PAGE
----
Development of the ImageStream technology was partially supported by the NIH grants indicated.
Distinguishing modes of cell death using the ImageStream® multispectral imaging flow cytometer†
Article first published online: 17 MAY 2004
Copyright © 2004 Wiley-Liss, Inc.
Cytometry Part A
Special Issue: Cytomics—New Technologies: Towards a Human Cytome Project
Volume 59A, Issue 2, pages 237–245, June 2004
How to Cite
George, T. C., Basiji, D. A., Hall, B. E., Lynch, D. H., Ortyn, W. E., Perry, D. J., Seo, M. J., Zimmerman, C. A. and Morrissey, P. J. (2004), Distinguishing modes of cell death using the ImageStream® multispectral imaging flow cytometer. Cytometry, 59A: 237–245. doi: 10.1002/cyto.a.20048
- Issue published online: 20 MAY 2004
- Article first published online: 17 MAY 2004
- Manuscript Accepted: 28 FEB 2004
- Manuscript Revised: 27 FEB 2004
- Manuscript Received: 16 DEC 2003
- NIH. Grant Numbers: 9 R44 CA01798-02, 1 R43 GM58956-01
- multispectral imaging cytometry;
Here we demonstrate the ability of the ImageStream® 100 Multispectral Imaging Cytometer to discriminate between live, necrotic, and early and late apoptotic cells, using unique combinations of photometric and morphometric features.
Live, necrotic, and early and late apoptotic cells were prepared and analyzed by immunofluorescence microscopy, conventional flow cytometry, and imaging flow cytometry, both as single populations and as a heterogeneous mixture of cells.
Live (annexin V−, 7-AAD−) and early apoptotic (annexin V+, 7-AAD−) cells were readily identifiable using either conventional or ImageStream based flow cytometric methods. However, inspection of multispectral images of cells demonstrated that the annexin V+, 7-AAD+ population contained both necrotic and late-stage apoptotic cells. Although these cells could not be distinguished using conventional flow cytometric techniques, they were separable using unique combinations of photometric and morphometric measures available using ImageStream technologies.
Using multispectral imagery, morphologically distinct cell populations can be distinguished using features not available with conventional flow cytometers. In particular, the ability to couple morphometric with photometric measures makes it possible to distinguish live cells from cells in the early phases of apoptosis, as well as late apoptotic cells from necrotic cells. © 2004 Wiley-Liss, Inc.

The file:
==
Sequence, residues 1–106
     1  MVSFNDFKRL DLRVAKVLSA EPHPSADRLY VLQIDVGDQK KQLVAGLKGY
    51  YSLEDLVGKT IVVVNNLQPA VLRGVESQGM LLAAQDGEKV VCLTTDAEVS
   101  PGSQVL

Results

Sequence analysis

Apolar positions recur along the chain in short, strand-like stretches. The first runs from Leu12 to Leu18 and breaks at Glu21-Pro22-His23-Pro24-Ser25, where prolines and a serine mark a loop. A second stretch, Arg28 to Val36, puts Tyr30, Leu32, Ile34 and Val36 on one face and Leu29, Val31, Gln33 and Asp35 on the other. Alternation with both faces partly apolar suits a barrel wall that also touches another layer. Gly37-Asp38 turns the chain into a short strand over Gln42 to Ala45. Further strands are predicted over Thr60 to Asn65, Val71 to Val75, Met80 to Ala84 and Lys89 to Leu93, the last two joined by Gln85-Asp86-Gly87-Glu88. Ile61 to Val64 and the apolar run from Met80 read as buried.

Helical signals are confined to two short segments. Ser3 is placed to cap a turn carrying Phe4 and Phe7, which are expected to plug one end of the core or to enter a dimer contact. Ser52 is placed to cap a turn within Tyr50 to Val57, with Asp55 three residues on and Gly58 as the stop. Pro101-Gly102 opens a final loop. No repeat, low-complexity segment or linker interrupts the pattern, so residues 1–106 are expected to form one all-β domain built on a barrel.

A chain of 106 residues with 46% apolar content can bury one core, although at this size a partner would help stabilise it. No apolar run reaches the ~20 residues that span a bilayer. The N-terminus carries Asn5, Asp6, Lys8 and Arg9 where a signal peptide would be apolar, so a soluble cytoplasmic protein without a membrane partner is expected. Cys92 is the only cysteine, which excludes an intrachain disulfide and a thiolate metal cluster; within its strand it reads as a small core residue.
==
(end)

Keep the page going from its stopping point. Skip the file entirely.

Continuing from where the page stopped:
Apoptosis is a complex, tightly-regulated process by which a cell orchestrates its own destruction in response to specific internal or external triggers (1, 2) and proceeds in a manner that is designed to prevent damage to surrounding cells and tissues. Apoptotic cells typically appear shrunken, with condensed chromatin and fragmented nuclei. Although plasma membrane integrity is initially preserved, in later stages the plasma membrane becomes compromised and the cells shed apoptotic bodies consisting of organelles and cytoplasm and/or nuclear fragments. Apoptotic cells are rapidly phagocytosed and eliminated in vivo, thus preventing the induction of inflammatory responses; this process is critical to the maintenance of tissue and immune cell development and homeostasis (1–3). Inappropriately low apoptotic rates can result in cancer or autoimmune disease, while high rates can result in neurodegenerative disease or immunodeficiency (4–6). In contrast, necrotic cell death is a largely unregulated process in which the cells generally have intact nuclei with limited chromatin condensation. Cells undergoing necrosis do not induce an early phagocytic response. Instead, the cells swell and rupture, and the release of cellular contents can result in significant local tissue damage and inflammation (1).